Newly released videos show multiple Indianapolis crimes caught by surveillance

More than 500 cameras pinpoint threats

INDIANAPOLIS - Newly released surveillance camera videos show multiple crimes taking place on street corners, in hallways, elevators and near building entrances in Indianapolis.

More than 500 cameras pan, patrol and pinpoint threats to public safety in the city, with the video used to prevent violence, uncover fraud and promote public safety.

The cameras run 24/7, capturing mostly mundane moments, but they have proven to be an invaluable to crime investigators.

"There is no relaxation of crime and misdeeds during the day, so we have our cameras working all the time," said Bud Myers, executive director of the Indianapolis Housing Agency.

In September 2013, Nathaniel McClendon's mom told police was firing shots onto the street from a 19th-floor apartment in the 500 block of Massachusetts Avenue.

Thanks to surveillance cameras, police could see what they were getting into before they moved in. After nearly four hours, McClendon surrendered.

"I am shocked (by the videos). Sometimes, it reminds me of that show, stupidest criminals," Myers said.

One of the videos showed two men who thought they could steal a moped downtown without being noticed, while another surveillance clip showed teens spraying graffiti.

A series of clips from May 2013 showed contractors covering one of several cameras to start their work day.

Authorities found that the men hired to remove asbestos from Lugar Tower were taking shortcuts. Their employer was later cited for inappropriately handling hazardous material.

"I think that there is just some kind of stupidity that must overtake certain people," Myers said.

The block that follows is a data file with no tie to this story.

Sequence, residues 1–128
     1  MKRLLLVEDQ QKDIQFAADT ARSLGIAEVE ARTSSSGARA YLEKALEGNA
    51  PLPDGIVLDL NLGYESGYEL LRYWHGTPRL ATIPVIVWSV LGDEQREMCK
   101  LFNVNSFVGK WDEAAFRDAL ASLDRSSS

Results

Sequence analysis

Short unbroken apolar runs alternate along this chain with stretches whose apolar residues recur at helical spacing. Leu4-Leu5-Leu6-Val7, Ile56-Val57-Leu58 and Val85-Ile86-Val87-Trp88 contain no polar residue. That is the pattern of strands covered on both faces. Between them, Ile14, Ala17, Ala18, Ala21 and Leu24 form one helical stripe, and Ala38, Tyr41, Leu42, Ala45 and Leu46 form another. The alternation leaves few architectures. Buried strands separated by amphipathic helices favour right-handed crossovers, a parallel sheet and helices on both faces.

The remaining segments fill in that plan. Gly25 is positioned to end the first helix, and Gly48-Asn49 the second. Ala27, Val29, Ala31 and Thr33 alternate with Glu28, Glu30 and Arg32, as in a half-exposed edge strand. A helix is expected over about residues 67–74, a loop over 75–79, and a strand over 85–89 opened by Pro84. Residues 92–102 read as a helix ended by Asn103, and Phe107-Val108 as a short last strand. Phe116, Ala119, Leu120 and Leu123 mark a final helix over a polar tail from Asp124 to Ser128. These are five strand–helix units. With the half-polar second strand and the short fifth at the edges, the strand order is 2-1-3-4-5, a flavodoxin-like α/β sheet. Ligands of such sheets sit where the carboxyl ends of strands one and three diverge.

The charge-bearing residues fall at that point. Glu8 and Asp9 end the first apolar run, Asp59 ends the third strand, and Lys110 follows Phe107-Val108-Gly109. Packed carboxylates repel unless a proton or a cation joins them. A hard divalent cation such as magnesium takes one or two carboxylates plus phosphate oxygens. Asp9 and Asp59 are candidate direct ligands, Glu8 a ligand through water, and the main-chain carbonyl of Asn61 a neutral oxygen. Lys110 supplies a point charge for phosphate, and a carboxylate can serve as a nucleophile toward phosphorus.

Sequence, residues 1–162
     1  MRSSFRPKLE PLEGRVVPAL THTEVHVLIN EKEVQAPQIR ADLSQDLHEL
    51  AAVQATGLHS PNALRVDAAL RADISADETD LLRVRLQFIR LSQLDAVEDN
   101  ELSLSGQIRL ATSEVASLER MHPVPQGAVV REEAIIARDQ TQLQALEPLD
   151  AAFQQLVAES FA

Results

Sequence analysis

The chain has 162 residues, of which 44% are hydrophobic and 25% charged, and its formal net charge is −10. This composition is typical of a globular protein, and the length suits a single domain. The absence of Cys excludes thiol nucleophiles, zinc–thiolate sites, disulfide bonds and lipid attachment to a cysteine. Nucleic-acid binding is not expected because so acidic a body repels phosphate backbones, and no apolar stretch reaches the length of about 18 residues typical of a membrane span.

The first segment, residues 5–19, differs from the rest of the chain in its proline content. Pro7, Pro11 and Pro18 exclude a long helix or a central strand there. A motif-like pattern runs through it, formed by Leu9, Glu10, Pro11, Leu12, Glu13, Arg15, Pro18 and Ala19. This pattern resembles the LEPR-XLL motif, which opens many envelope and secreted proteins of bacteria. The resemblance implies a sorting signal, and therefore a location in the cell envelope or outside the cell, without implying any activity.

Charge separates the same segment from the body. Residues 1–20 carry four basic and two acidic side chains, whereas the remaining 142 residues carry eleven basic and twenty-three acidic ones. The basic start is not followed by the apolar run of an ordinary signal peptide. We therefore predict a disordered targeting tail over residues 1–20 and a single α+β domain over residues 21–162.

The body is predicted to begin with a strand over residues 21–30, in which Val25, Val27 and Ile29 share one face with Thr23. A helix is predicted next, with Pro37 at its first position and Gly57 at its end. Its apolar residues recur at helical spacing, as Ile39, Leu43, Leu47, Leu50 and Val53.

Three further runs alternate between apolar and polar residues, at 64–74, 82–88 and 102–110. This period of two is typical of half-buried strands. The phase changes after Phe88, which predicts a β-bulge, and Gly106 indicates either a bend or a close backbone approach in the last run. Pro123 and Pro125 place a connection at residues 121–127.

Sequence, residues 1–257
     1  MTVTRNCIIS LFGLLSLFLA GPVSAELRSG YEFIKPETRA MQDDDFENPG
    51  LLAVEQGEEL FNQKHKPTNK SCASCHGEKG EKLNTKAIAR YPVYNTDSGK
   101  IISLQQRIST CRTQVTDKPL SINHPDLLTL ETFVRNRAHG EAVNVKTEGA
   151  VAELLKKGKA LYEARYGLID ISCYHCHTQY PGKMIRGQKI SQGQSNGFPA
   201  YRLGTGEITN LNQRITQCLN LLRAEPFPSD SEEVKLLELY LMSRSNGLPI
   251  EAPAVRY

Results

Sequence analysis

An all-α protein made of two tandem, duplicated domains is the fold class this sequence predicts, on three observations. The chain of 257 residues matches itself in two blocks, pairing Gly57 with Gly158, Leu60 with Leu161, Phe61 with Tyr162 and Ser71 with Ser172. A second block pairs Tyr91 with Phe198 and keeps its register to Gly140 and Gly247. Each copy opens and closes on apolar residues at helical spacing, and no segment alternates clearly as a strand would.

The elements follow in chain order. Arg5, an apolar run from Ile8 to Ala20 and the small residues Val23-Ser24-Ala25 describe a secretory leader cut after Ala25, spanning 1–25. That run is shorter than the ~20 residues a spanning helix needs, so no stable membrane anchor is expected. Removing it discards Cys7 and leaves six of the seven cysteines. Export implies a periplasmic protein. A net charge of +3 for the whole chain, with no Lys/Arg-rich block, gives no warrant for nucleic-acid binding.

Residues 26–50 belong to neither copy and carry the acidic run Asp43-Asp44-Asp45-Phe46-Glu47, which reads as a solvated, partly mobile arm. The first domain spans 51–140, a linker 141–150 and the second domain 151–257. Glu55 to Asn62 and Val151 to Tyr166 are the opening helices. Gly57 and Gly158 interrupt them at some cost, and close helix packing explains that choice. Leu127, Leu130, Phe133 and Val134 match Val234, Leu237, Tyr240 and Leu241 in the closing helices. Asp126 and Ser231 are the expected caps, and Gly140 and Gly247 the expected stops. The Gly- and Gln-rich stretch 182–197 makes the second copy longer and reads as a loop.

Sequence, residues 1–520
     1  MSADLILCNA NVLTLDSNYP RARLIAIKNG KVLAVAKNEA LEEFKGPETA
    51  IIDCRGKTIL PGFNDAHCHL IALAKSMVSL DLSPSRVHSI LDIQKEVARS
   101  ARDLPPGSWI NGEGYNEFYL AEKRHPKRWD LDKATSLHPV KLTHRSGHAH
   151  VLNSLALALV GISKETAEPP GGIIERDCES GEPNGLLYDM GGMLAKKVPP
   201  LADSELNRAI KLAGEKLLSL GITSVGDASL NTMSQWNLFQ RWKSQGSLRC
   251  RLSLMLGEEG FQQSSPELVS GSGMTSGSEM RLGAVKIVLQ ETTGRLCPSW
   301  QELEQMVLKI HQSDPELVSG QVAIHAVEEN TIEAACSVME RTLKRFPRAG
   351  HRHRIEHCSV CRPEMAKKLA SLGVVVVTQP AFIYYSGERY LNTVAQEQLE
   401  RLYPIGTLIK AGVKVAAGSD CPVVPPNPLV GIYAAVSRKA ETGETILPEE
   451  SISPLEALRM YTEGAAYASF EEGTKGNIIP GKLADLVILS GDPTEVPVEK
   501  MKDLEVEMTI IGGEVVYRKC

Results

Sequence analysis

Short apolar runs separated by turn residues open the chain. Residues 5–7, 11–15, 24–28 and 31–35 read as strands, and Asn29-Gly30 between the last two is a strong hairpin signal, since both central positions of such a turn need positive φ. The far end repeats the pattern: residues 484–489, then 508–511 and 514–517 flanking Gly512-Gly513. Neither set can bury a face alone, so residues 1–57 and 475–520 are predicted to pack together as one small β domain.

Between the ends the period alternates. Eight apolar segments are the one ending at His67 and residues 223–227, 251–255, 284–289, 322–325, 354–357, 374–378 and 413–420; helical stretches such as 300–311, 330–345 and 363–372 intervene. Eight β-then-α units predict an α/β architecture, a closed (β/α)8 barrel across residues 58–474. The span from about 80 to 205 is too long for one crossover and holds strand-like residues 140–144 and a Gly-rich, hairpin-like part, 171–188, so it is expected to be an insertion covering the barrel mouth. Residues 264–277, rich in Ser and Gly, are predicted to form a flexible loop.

Another surveillance clip showed a woman getting off an elevator apparently had no idea a purse snatcher was behind her.

The thief didn't count on a good Samaritan confronting her, triggering an intense hallway fight.

As the suspect tried to make her getaway, police met her at the elevator and the victim got her purse back.

"There are some people who don't care, who are so intent on committing that act they're involved in," Myers said.

Indiana University Law Professor David Orentlicher said there is little right to privacy.

"If they try to take pictures when you're in your house or in your back yard or somehow penetrate your private space, then there are limits, but once you go outside, the court has said you give up your expectation of privacy," Orentlicher said.

The cameras have also been used to save taxpayers hundreds of thousands of dollars in potential legal fees and lawsuits.

Police said a woman reported she had been raped in a city building, but the claim was determined to be false because the man involved in the case was her boyfriend and the relationship was caught on camera.

The cameras have been credited with reducing crime by 36 percent in parts of the city. There are plans to add more when funding is made available.

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